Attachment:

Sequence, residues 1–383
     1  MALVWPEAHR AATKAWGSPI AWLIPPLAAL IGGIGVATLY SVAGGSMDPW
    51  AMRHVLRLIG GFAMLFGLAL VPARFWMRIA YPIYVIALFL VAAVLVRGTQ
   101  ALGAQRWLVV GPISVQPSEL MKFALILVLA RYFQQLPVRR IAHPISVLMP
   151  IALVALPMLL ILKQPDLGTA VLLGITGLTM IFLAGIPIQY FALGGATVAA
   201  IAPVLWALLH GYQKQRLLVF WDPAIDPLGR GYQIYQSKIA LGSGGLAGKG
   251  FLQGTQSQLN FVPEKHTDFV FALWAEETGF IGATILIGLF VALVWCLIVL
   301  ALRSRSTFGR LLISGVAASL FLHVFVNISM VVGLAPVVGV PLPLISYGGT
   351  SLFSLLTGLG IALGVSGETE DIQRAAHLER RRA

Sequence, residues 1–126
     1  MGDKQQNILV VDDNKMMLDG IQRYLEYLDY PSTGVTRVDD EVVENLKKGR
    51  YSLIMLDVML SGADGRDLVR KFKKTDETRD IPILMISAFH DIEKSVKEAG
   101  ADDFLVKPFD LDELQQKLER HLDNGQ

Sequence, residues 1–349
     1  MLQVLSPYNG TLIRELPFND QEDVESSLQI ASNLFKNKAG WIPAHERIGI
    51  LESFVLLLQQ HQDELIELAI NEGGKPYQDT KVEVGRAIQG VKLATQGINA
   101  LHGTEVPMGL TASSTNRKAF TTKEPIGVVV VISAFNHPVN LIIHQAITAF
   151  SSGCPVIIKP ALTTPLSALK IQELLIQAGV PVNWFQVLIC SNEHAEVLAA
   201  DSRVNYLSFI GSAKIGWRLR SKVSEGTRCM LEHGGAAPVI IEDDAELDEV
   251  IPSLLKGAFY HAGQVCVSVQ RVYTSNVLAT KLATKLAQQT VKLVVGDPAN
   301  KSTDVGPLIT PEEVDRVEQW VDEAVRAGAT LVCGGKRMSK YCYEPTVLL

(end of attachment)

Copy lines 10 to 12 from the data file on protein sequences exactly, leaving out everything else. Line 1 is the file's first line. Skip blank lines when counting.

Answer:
Sequence, residues 1–126
     1  MGDKQQNILV VDDNKMMLDG IQRYLEYLDY PSTGVTRVDD EVVENLKKGR
    51  YSLIMLDVML SGADGRDLVR KFKKTDETRD IPILMISAFH DIEKSVKEAG